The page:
Surfing was so ingrained in the culture though that it survived and today is a thriving industry in Hawaii. Several beaches in the state are considered among the most challenging surfing sites in the world. This includes Pipeline and Waimea Bay in Oahu and Peahi or “Jaws” in Maui. Surfers who aren’t pros also have a number of other options including Kailua-Kona on Big Island where Rustic Pathways holds its Hawaii Service program.

3.) Best Surfing Beaches in Other Regions of the World

One of the best things about surfing is that it inspires people to travel. There are numerous destinations that are featured on ‘best” surfing site lists in addition to the ones in Hawaii mentioned above. This includes Jeffreys Bay in South Africa, Huntington Beach in the U.S. state of California, Bondi Beach in Sydney, Australia and Taghazout in Morocco.

Beaches on the Nicoya Peninsula in Costa Rica often are featured on many best lists as well. That is where Rustic’s  Surf and Service program is held.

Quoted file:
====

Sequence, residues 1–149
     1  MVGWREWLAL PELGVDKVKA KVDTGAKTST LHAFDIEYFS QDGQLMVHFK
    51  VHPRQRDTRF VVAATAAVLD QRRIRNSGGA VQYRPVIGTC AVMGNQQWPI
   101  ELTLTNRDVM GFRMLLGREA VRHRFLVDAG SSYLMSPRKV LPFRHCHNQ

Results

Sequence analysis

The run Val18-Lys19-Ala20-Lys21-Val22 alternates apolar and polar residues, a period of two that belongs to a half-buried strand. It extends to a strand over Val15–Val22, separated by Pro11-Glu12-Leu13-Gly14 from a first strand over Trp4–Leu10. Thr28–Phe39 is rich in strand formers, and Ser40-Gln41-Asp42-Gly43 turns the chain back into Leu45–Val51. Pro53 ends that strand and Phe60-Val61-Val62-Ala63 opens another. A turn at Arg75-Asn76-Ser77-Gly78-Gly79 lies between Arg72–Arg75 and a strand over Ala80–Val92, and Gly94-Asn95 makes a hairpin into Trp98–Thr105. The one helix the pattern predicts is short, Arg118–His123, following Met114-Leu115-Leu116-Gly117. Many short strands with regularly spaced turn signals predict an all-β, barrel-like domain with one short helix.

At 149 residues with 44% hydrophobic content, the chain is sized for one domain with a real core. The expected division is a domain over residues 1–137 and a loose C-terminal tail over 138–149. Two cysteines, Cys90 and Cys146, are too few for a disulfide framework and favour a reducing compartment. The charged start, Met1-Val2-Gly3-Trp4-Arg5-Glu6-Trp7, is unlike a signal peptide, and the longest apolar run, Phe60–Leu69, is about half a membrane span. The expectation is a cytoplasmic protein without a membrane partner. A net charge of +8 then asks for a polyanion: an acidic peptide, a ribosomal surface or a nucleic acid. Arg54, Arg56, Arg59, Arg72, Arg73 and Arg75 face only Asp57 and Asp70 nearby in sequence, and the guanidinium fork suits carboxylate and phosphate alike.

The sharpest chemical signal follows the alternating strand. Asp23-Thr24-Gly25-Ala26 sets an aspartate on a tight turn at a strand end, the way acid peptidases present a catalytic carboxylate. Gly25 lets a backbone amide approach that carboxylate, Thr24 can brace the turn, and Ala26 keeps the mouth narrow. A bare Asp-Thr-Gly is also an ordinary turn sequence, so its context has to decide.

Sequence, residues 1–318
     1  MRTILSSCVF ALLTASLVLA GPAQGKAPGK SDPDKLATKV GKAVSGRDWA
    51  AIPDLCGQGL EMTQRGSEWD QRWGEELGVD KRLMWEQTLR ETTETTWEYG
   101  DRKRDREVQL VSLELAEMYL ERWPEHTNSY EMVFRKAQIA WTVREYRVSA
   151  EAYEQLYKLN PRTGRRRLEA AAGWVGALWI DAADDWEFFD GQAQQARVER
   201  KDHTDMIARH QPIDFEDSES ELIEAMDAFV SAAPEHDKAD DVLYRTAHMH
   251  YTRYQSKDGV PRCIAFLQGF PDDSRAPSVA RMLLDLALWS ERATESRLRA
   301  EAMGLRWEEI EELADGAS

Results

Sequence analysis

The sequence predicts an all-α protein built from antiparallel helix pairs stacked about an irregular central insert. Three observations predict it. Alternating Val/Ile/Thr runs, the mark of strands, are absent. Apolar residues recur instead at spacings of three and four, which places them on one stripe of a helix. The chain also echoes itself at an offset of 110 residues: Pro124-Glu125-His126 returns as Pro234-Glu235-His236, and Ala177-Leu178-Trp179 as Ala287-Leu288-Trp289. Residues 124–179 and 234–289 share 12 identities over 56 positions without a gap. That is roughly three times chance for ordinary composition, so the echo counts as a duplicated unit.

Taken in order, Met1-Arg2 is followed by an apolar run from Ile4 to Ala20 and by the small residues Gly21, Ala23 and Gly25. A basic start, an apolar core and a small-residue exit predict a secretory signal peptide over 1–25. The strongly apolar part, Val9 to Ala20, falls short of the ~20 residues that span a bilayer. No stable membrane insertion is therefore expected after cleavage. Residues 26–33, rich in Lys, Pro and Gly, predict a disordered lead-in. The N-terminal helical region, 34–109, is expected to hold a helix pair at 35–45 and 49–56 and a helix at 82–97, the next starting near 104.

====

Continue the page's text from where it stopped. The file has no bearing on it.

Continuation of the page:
The beaches used for these programs have warm water and some nice sandy bottom breaks that can provide a great surf experience for beginners to experienced surfers. The programs also occur during shoulder season in the country when the crowds are smaller but the weather is still nice.

In general, surfing gives you a great excuse to travel. There are so many waves to conquer and different scenery to enjoy. Plus, it’s an activity that can be enjoyed for many years. Professional surfers often compete for decades. 49-year-old professional surfer Kelly Slater even won a competition as recently as 2019.

4.) Fun & Fancy Skills to Learn

Many surfers may not be able to do what the pros do, but there are numerous fun skills to learn at all different levels. Beginners often get help from instructors to get their board out and pick an appropriate wave. Then their challenge is to pop up. The first time a surfer successfully does that is definitely a “pat yourself on the back” moment. That is just when the adventure is beginning.

Credit: Rustic Pathways, Copyright: © 2015 Rustic Pathways

After learning the basics, surfers can try to perfect a duck dive or turtle roll to get under waves when paddling out. As they get better, they can go from surfing straight toward shore to carving waves. There also are 360s, cutbacks, tube rides and more – enough skills to keep you coming back for more surf time for years and to improve your athleticism along the way.

5.) Minding Your Manners